|Electrochemical impedance spectroscopy (EIS) is considered as a powerful and valid technique for non-destructive in-situ dynamic measurement of electrochemical power systems. Together with equivalent circuit (EC) simulation, EIS is competent to perform impedance simulation, system characterization, mechanism validation, performance evaluation, and system diagnostics. The impedance measurement and simulation of both energy conversion systems and energy storage systems are presented in this dissertation.
The performance of a commercial high temperature proton exchange membrane (PEM) fuel cell tack module is studied by measuring its impedance at various current loads and different operating temperatures above 100°C. The high temperature operation is achieved by its novel phosphoric acid (PA) doped polybenzimidazole (PBI) membranes. The performance of a traditional PEM stack module operated at a temperature below 65°C is also studied by impedance measurement. A generalized EC model is proposed and validated to simulate both commercial PEM fuel cell stacks. The performance comparison between two stacks and the performance degradation of HT-PEM fuel cell stack are analyzed qualitatively and quantitatively based on EC simulation and impedance interpretation. The impedance study on PEM stacks at commercial level reveals a more realistic status of current fuel cell development.
The single cells of tubular solid oxide fuel cell (T-SOFC) fueled directly with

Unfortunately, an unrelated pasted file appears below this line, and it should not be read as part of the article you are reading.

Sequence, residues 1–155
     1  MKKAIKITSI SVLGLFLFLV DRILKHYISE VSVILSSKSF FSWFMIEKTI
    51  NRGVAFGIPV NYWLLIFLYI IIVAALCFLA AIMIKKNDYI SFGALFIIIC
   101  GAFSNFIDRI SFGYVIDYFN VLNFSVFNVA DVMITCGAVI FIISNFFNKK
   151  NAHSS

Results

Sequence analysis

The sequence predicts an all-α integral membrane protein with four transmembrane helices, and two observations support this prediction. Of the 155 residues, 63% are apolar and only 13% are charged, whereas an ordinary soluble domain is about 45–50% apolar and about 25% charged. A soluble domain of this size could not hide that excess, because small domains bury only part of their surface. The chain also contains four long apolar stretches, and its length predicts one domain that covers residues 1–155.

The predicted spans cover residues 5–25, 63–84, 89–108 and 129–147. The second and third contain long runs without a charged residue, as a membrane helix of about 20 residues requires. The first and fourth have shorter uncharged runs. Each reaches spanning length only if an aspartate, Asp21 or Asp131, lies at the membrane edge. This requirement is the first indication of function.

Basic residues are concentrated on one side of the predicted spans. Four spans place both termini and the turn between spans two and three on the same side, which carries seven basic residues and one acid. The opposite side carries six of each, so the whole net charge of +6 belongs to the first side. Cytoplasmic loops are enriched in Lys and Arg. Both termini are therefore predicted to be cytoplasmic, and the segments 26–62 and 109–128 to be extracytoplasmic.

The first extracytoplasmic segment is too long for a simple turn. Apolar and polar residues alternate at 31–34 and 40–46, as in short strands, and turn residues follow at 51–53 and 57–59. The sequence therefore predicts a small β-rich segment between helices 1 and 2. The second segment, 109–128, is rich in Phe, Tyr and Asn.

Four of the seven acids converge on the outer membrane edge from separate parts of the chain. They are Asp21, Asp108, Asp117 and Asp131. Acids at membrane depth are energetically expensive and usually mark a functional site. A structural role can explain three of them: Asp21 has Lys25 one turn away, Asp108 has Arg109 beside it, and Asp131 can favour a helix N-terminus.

reformate mixture are studied by impedance measurement and EC simulation. Due to the complexity and uncertainty of SOFC mechanisms and the difficulty of SOFC operation at varying conditions, the EC simulation lacks validation for impedance interpretation. However, the impedance spectra measured under limited operation conditions still provide the preliminary validation for the physical interpretation of the proposed EC model. The measurements and simulation performed on the T-SOFC single cell tubes provide experimental data for studies on reformate fueled SOFC systems.
Impedance measurement and EC simulation are also applied to two commercial Ni-MH D-size rechargeable cells at different state-of-health (SoH). Their impedance spectra are measured and simulated at varying state-of-charge (SoC) levels. A validated EC model can be utilized to find out the correlation between battery impedance and SoC for power prediction and battery diagnostics. The prediction of battery SoC is useful to further develop a powerful and efficient smart-charging system for portable electronics and even electric vehicle development.